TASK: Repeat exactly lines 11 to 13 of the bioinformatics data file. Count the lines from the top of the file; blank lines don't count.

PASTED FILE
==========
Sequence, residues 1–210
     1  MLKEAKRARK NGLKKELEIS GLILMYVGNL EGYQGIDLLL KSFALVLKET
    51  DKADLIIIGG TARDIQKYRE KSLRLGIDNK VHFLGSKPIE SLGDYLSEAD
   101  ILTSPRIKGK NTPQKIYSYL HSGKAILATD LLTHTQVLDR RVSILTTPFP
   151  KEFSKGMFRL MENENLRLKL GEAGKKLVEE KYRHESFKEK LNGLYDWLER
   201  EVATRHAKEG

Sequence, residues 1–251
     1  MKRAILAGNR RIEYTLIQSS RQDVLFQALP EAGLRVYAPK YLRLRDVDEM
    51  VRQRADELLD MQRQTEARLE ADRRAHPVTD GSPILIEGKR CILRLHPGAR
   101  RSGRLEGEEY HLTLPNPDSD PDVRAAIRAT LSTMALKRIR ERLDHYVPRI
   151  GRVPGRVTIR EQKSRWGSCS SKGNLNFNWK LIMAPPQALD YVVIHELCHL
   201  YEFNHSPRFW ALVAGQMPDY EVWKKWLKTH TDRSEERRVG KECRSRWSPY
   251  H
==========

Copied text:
   151  GRVPGRVTIR EQKSRWGSCS SKGNLNFNWK LIMAPPQALD YVVIHELCHL
   201  YEFNHSPRFW ALVAGQMPDY EVWKKWLKTH TDRSEERRVG KECRSRWSPY
   251  H